Expected Monetary Value (EMV) connects the customer with the team, as we saw in the previous blog. This tool is very powerful. The numbers are as serious as a heart attack (the reason will be shown later). This blog addresses the mechanics of the EMV model providing a whirlwind tour of the associated calculations.
Remember, the goal is getting the team more power to help the client by tying risk with quality and projecting changes in performance corresponding to changes in the risk terrain.
Probabilities and Closed Systems
At the core, an EMV calculation comprises probability times impact to get a weighted number:
10% (probability) x $1000(impact) = $100(EMV)
Let’s put it to use in a closed system.
CLOSED SYSTEMS. In closed systems the probabilities add up to 100% (summation rule) and options are mutually exclusive which is also referred to as being mutually dependent. For example, if you toss a die there is a 1 in 6 chance of getting a “1.” If you get a “1” that also means you did not get 2, 3, 4, 5, or 6.
EMV calculation. Here’s an example that also brings in financial consequences. A vendor has a 70% chance of needing to do rework and it will cost you $1000 extra. The other 30% of the time the work is as expected with $0 added cost. The total probabilities for this system are 100% (70 + 30). Now, the expected value for this system is;
(.7 x $1000) + (.3 x $0) = $700.
Let’s make it a little more complicated. Say there’s a 70% chance the vendor needs to do rework costing $1000, 20% chance the work is as expected at $0 cost, and a 10% chance the vendor design exceeds customer expectations and you get a $2000 bonus (cost reduction). The percentages for this system add up to 100% (70+20+10). The expected value for the additional cost to this system is now:
(.7 x $1000) + (.2 x $0) + (.1 x -$2000) = $600 + $0 – $200 = $500.
Open Systems And The EMV Model
An open system has a set of four calculations providing context for making decisions:
- Total Project EMV
- Worst Case
- Best Case
These provide a range of numbers with the Best- and Worst Case being the bookends and the Baseline and Total Project EMV lying in between. Let’s define an open system and jump into the calculations.
OPEN SYSTEMS. Imagine 3 dice. The summation rule applies for each die but the dice are independent of each other and move freely. In other words, you can still get a “1” on dies B and C even when there is a “1” on die A. Substitute “subcontractors” for “dice” and the stage is set to continue on to the calculations!
Baseline. The baseline sums the costs across the WBS (work breakdown structure). Here’s an example:
You are to provide a circuit board for your client using three subcontractors using the following estimates:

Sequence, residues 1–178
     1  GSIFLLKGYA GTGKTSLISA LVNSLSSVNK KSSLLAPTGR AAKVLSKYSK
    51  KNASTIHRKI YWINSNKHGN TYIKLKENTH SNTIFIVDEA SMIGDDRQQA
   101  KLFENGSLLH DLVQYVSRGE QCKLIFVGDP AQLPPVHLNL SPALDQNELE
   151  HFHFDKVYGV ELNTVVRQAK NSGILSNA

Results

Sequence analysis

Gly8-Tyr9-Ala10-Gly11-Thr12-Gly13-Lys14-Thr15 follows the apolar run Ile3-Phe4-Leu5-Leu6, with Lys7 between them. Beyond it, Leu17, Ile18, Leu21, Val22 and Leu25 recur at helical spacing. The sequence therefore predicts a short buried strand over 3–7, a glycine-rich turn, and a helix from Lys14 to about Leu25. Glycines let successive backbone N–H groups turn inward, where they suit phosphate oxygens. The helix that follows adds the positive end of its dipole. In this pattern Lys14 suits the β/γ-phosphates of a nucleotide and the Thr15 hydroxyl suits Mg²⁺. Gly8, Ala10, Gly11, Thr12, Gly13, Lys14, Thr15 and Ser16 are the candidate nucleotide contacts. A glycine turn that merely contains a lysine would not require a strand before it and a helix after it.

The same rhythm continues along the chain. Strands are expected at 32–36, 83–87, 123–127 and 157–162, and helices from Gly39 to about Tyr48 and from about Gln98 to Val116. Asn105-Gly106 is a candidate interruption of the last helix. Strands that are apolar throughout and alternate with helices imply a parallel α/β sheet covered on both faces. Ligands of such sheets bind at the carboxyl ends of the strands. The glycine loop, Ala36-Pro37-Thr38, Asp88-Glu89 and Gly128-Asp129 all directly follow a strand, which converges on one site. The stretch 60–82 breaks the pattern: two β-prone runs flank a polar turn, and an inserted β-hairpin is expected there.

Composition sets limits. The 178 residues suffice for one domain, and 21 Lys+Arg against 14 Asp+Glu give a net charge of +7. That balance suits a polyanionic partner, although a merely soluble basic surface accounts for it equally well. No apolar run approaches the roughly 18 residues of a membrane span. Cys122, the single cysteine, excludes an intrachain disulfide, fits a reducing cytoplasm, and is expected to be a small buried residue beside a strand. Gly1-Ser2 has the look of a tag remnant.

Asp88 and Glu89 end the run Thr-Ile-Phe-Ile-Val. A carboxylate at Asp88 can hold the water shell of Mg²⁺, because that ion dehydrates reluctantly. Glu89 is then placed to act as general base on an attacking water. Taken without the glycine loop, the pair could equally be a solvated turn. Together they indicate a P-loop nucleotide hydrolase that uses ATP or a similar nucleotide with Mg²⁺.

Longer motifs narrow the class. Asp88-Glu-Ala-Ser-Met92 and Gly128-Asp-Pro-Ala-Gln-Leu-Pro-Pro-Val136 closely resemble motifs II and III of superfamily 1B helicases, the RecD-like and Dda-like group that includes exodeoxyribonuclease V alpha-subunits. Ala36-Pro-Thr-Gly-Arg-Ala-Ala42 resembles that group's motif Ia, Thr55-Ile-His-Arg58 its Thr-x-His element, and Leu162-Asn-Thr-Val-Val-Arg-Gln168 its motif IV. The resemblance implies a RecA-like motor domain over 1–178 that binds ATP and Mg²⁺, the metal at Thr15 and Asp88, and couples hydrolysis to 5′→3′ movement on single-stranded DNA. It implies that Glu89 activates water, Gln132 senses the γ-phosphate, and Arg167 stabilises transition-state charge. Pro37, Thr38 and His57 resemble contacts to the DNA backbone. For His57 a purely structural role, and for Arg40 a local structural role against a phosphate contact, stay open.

The firmware contractor, Dewey, Cheatum, and Howe, estimates $50,000.
The software contractor, Karen Sympathy, estimates $100,000.
The board manufacturer, Flyby Knight, estimates $80,000.
The Baseline simply sums the estimates:
($50,000 + $100,000 + $80,000) = $230,000
Total Project Expected Monetary Value (TPEMV). The TPEMV combines the baseline with any needed reserves to achieve the desired quality and delivery date. Imagine you are trying to determine what your risk reserves should be in order to protect the margin on the project while meeting the desired quality:
- The firmware contractor, Dewey, Cheatum, and Howe, has a 50% chance of needing $5,000 extra to achieve the desired quality;
- The software contractor, Karen Sympathy, has a 90% chance of performing adequately for $10,000 less than the estimate;
- The board manufacturer, Flyby Knight, has a 70% chance of trying to squeeze you for and additional $10,000 to get the desired quality and delivery date.
The question is, “How much extra money should you add to your fix fee bid to make sure the margin is protected?” Here’s how to do it:
For Dewey, Cheatum, and Howe there is a need for an extra (.5 x $5000) or $2500.
For Karen Sympathy there is some cushion to the tune of (.9 x $10,000) or -$9,000.
For Flyby Knight these is need for an extra (.7 x 10) or $7,000
The net of this is $2,500 – $9,000 + $7,000 = $500 in risk reserve.
TPEMV = Baseline + risk reserves = $230,000 + $500 = $230,500.
Worst Case. But what if everything bad that could happen actually did? In that case you need to do a Worst Case calculation and do 100% calculations for the threat and 0% for the opportunity, i.e., leave Karen Sympathy out and assume the worst for Dewey, Cheatum, and Howe and Flyby Knight.
Increase your bid by (100% x $5,000) + (100% x $10,000) or an extra $15,000.
Worst Case = Baseline + 100% threats = $230,000 + $15,000 = $245,000
Best Case. The Best Case leaves out the threats and adds in the opportunities at 100% or (100% x -$10,000) = -$10,000 for Karen Sympathy. The bid then changes to:
Best Case = $230,000 – $10,000 = $220,000
This has been brief. If you have any questions feel free to contact me. The EMV model is a great way to connect with stakeholders and work rationally while keeping relationships intact.
Oh, about that heart attack. The Securities and Exchange Commission (SEC) was founded during the Great Depression because people offering stock for sale only showed the Baseline and Best Case numbers and a more robust model was needed – the EMV model. Risks and reserves have to be reported. Unfortunately, we are climbing out of a repeat of the same situation caused by ignoring the model.
—Through his firm, Center for Managing Change, Gary Monti has over 30 years experience providing change- and project management services internationally. He works at the nexus between strategy, business case, project-, process-, and people management. Service modalities include consulting, teaching, mentoring, and speaking. Credentials include PMP number 14 (Project Management Institute®), Myers-Briggs Type Indicator certification, and accreditation in the Cynefin methodology. Gary can be reached at firstname.lastname@example.org or through Twitter at @garymonti